6.75 ounces all purpose flour (about 1 1/2 cups)
3 tablespoons packed brown sugar
1/4 teaspoon salt
5 tablespoons cold butter cut into pieces
3 tablespoons ice cold vodka (or water)
1 tablespoon milk
1 egg yolk
Combine first 8 ingredients (through cinnamon). Toss to coat.
Place nuts in a food processor; process until finely ground. Weigh or lightly spoon flour into dry measuring cups; level with a knife. Add flour, 3 T brown sugar and 1/4 t salt to food processor; pulse 5 times. Add butter and pulse until mixture resembles a coarse meal (about 6-8 times.) Turn processor on and slowly add vodka through food chute processing just until combined (do not form a ball.) Turn dough out onto a lightly floured surface and knead 3-4 times. Divide into 2 equal portions. Flatten each portion into a 4 inch circle on plastic wrap. Chill 30 minutes.
Preheat oven to 425.
Unwrap and place 1 dough piece onto plastic wrap. Cover with 2 overlapping pieces of plastic wrap. Roll dough, still covered, into a 10-inch circle. Place into a 9-inch pie plate coated with cooking spray. Spoon apple mixture into crust. Follow same rolling instructions for second dough piece, rolling into a 12-inch circle. Place over apple mixture and press edges of crusts together. Fold under and flute. Cut slits in top of dough to allow steam to escape.
Combine milk and egg yolk, stirring with a whisk. Gently brush top of dough with egg mixture. Place pie plate on a foil lined baking sheet (or on one of these amazing pie drip catchers from Williams Sonoma that my step mom bought me!) Bake at 425 in lower third of the oven for 20 minutes. Shield edges of pie crust with foil. Reduce oven temperature to 350 (do not remove pie from oven) and bake an additional 30 minutes or until browned. Cool on a wire rack.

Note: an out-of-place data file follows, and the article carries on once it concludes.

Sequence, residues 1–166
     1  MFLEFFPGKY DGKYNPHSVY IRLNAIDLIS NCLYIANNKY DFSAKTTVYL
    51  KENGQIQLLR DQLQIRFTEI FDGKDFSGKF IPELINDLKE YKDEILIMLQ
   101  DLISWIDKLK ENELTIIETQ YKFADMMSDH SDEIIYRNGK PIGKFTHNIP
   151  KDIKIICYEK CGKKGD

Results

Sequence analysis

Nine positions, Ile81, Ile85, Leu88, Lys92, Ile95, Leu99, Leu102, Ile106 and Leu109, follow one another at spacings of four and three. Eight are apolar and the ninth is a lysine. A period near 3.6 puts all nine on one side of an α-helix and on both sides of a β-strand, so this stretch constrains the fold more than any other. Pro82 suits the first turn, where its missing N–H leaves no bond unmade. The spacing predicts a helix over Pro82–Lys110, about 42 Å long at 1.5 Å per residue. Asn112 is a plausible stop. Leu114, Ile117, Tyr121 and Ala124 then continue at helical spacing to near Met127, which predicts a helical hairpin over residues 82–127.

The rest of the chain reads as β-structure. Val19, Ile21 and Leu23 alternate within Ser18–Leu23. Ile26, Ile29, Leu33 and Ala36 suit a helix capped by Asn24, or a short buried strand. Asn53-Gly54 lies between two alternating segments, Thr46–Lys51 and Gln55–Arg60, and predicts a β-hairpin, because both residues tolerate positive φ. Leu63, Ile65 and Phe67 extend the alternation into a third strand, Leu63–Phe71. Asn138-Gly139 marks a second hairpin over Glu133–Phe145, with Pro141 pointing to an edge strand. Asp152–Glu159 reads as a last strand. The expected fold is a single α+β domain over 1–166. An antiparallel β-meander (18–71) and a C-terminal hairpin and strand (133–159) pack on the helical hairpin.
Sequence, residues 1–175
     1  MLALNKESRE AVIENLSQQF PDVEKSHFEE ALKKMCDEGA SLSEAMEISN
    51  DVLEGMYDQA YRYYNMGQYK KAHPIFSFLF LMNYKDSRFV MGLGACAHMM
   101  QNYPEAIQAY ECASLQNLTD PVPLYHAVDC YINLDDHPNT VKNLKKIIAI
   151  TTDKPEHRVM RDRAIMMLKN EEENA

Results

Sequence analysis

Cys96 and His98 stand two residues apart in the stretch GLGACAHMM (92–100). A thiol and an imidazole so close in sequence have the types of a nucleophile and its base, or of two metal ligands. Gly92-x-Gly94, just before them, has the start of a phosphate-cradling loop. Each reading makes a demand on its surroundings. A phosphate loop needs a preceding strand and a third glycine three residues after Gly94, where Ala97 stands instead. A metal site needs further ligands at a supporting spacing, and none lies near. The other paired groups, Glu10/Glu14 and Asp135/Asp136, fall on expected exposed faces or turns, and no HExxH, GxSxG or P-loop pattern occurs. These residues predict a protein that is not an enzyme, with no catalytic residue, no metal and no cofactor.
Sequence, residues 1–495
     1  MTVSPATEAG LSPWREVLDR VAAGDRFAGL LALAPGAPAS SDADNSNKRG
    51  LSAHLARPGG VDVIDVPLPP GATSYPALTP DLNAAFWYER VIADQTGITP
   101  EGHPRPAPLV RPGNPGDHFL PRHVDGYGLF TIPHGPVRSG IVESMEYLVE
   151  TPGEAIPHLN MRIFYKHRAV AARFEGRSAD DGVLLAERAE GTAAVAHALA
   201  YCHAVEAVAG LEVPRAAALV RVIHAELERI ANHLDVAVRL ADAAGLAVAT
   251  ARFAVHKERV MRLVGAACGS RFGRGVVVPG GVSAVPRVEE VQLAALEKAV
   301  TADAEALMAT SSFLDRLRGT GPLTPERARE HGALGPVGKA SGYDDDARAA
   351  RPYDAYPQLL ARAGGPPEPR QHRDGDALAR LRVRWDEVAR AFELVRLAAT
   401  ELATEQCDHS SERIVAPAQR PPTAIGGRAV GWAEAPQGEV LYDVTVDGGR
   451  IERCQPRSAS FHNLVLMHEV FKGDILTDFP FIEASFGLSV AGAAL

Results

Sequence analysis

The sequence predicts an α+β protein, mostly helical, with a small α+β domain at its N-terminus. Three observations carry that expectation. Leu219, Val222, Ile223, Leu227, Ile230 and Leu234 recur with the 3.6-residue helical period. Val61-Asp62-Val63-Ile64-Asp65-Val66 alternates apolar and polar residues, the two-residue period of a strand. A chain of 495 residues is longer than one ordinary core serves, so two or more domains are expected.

Original recipe courtesy of Cooking Light
Comments (0) | Thursday, December 13, 2012
I find it extremely difficult to take "good" or pretty photos of casseroles, especially once they're dished onto the plate. Of course, my food photography is novice at best anyway... but I always want the presentation to at least look appealing! Rest assured that while this looks like a pile of goop, it was incredibly delicious and so convenient to pull out of the freezer on a busy weeknight. A flavorful "comfort food" kind of meal. I promise to try and get a better photo next time I make it...
I used an entire rotisserie chicken, pulled from the carcass and shredded (I love how appealing that sounds... sorry...) and I divided the whole thing between 2 large square foil pans to freeze for later (this was on a "freezer meal" prep day.) The recipe makes 10-12 servings itself so, unless you plan to feed a crowd, I would divide it. It was plenty for us to have for 2 nights worth of dinner.
Chicken and Wild Rice Casserole
1 (2.25-oz) package sliced almonds
2 (6.2-oz) boxes fast cooking long grain and wild rice mix (I used 3 boxes of Rice-a-Roni brand)
2 tablespoons butter
4 celery ribs, chopped
5 cups chopped cooked chicken
2 cans cream of mushroom soup
1 cup sour cream
2 (8 oz) cans water chestnuts, drained and chopped
1 cup milk
1/2 teaspoon salt (could be omitted, there is plenty of flavor without)
1/2 teaspoon pepper
4 cups shredded cheddar cheese divided (I think I used about 3, total)
2 cups soft fresh breadcrumbs
Prepare rice mixes according to package directions.
Meanwhile, melt butter in a medium skillet over medium heat. Add celery and onions. Saute 10 minutes or until tender. In a large bowl mix together celery/onion mixture, chicken, next 6 ingredients and 3 cups of the cheese. Spoon mixture into a lightly greased large baking dish or 2 smaller (11x7) baking dishes.
To make tonight: Bake at 350 for 35 minutes. Top with remaining cheese and almonds and bake an additional 5 minutes.